1 Answer | Add Yours
At the end of this richly complicated medieval mystery book, which is also so much more than that, the murderer is clearly identified as being Brother Jorge, who killed the brothers in the abbey to prevent them from finding and spreading the news that Aristotle's Second Work, which Jorge considered was so dangerously subversive because of its message on humour and laughter. Note how Jorge admits to the murder of Abo:
I could no longer trust him. He was frightened. He had become famous because at Fossanova he managed to get a body down some circular stairs. Undeserved glory. Now he is dead because he was unable to climb his own stairway.
William manages to uncover the murderer at the end of this work, though unfortunately he is in many ways too late to bring Jorge to justice, as Jorge kills himself by eating some of the poison-coated pages of the book he did everything to keep from others, and then running into the secret library and setting fire to it. The end result is that not only the library and all of its books but also the entire Abbey is destroyed and ruined. Note how the "Last Page" makes this very clear:
The Abbey burned for three days and three nights, and the last efforts were of no avail. As early as that morning of the seventh day of our sojourn in that place, when the survivvors were fully aware that no building could be saved, when the finest constructions showed only their ruined outer walls...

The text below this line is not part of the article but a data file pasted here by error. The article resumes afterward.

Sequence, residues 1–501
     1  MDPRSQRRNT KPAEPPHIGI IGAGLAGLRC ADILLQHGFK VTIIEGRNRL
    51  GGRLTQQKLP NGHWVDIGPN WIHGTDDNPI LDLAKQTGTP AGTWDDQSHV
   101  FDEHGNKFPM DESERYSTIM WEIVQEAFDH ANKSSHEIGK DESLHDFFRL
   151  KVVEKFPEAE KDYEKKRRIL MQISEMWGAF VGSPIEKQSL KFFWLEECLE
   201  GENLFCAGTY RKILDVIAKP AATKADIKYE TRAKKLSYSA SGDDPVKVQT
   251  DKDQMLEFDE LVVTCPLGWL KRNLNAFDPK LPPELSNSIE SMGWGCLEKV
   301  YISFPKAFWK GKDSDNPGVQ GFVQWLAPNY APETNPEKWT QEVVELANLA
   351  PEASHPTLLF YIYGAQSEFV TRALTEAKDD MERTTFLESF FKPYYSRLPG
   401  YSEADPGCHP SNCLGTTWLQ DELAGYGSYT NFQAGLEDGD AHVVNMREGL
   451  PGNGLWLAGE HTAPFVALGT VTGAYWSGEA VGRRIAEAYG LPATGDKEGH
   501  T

The fire therefore that destroyed the library ended up destroying the entire abbey, and ending the work that was done there. Given Jorge's obsession with the end times and the Book of Revelation, and the way in which others read the sounding of the trumpets into each of the murders, it is perhaps fitting that the final seventh trumpet, which was due to herald destruction and chaos, resulted in the destruction of the entire abbey. It is a fitting climax to the novel and also a potent message concerning the danger of literature, that somebody would be willing to destroy not only the book itself but indeed the whole structure in which it was housed.
We’ve answered 315,905 questions. We can answer yours, too.Ask a question